October 10, 2019

#countdowntoHalloween day 21 - a Work in Progress

Just some cemetery "work in progress" shots & a night time video.
 I've cut down the hostas & cleaned up the flower beds since I took these.
 This needs a repaint.  I like the epitaph, but the paint job is lousy.

The critters finally came out to play!

I *adore* my chickens!!!
 The 'haunted CB' radio will go in there.

A project on the books for next year... replacing all those cheap foam headstones with simple plywood like the rest.  I used to think they were fine for "filler" stones but I'm just not happy with them anymore. 


  1. Regarding your next year project of replacing your foam headstones:
    We have been using wooden headstones that were custom built for us back in 2000 by a company that existed at the time that made them for professional haunted attractions. They are thick and heavy, made with what appears to be pine boards stacked on top of each other for thickness and are covered with a hand troweled veneer, and covered with a layer of what is most likely polyurethane. They have held up fantastically over the past 19 years and were well worth the investment, but we've learned some tricks of our own over the years. For starters, there's a paint made by Behr called "Textured DeckOver" and it's designed for restoring old worn wooden decks. It's thick and looks like stone/cement when dried. We use a couple different shades of gray and blend it together on our props. It's like painting your prop in heavy duty outdoor armor. Secondly regarding foam headstones: We too had used foams ones we found in stores for filler when we did a larger cemetery for our haunt, but they didn't last long as sold. Some broke off their plastic stakes with a good gust of wind first time out of the gate. After that experience, we made the store bought foam ones more durable by placing them on top of thin wood project board, traced the shape on the board, cut out the shape on the board with a jig saw, and used a strong construction adhesive to permanently mount the foam headstone to the board. Then you can either repaint the entire headstone to your liking or can just paint the backing board prior to gluing the foam headstone to it. From there it's easy to add a home made wooden base for standing the headstone wherever you want, or adding dowels to the back for sticking the headstone in the lawn.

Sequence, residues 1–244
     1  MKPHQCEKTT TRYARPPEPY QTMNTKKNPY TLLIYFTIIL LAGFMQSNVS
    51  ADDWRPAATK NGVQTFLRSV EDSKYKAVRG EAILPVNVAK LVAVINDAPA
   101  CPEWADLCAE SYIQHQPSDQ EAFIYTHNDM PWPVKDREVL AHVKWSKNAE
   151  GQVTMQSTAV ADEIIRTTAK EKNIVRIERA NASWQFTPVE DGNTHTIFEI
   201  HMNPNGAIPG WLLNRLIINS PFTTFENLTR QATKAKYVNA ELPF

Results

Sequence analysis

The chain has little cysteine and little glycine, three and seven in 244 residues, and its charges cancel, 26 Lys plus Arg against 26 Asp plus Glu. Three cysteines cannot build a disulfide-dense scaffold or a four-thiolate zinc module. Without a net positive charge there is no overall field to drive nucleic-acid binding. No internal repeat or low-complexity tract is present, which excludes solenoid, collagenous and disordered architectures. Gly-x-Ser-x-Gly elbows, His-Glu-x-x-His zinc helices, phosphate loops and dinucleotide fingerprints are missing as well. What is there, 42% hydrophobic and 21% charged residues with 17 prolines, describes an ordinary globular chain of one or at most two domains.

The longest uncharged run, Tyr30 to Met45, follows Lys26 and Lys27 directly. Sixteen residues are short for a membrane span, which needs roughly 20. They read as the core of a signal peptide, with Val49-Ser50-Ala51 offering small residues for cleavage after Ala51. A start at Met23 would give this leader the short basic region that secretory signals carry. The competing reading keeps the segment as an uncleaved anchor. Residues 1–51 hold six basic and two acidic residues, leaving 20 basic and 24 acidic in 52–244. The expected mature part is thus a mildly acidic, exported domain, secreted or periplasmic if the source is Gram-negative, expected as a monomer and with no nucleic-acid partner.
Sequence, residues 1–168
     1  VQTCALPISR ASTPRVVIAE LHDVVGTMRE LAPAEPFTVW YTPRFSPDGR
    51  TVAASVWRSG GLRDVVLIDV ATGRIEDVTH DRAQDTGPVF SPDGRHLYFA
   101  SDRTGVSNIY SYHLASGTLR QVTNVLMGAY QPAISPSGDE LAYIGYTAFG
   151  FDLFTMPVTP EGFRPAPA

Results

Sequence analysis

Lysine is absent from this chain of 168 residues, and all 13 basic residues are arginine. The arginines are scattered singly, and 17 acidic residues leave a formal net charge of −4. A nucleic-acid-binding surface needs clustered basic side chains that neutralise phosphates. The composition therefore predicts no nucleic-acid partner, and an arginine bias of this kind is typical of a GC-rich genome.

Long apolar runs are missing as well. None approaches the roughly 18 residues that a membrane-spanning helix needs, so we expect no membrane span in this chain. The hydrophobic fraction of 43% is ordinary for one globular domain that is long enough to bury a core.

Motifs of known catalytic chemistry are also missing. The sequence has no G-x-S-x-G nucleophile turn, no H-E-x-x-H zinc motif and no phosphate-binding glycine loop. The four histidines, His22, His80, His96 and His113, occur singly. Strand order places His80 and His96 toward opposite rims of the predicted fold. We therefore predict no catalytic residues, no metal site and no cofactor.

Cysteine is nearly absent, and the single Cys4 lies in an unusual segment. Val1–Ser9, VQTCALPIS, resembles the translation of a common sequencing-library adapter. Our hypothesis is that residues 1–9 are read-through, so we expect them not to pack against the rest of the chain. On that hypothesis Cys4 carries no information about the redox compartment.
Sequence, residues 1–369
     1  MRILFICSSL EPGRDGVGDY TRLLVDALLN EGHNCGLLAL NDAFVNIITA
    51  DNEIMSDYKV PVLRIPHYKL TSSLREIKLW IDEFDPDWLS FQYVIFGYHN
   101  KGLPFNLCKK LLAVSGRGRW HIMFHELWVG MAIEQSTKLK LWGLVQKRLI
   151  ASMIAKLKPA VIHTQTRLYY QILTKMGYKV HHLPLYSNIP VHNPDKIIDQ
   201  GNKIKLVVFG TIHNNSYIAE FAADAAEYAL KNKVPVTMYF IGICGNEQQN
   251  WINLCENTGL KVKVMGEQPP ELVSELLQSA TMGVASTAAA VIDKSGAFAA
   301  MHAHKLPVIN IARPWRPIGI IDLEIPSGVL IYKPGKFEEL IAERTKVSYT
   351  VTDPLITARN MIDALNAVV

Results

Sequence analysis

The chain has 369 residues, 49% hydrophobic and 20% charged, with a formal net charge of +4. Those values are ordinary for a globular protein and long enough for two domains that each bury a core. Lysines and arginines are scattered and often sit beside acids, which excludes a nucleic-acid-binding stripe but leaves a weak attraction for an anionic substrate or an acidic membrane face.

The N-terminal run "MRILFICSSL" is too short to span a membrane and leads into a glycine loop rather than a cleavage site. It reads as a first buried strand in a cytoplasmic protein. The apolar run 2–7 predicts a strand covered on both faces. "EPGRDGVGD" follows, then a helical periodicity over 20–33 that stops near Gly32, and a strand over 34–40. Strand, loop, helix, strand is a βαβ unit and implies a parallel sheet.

1. Thanks for the info! I bet those custom stones are beautiful!
      I have all my stones coated in DryLok, so there's texture and some protection from that. And I put thin plywood on the back of the cheap foam ones but even with the DryLok, the fronts are "squishy". All of them have U shaped conduit hangers on the back that slide over rebar in the lawn.
      I'll have to check out the Behr paint, I'm curious to compare it to DryLok.


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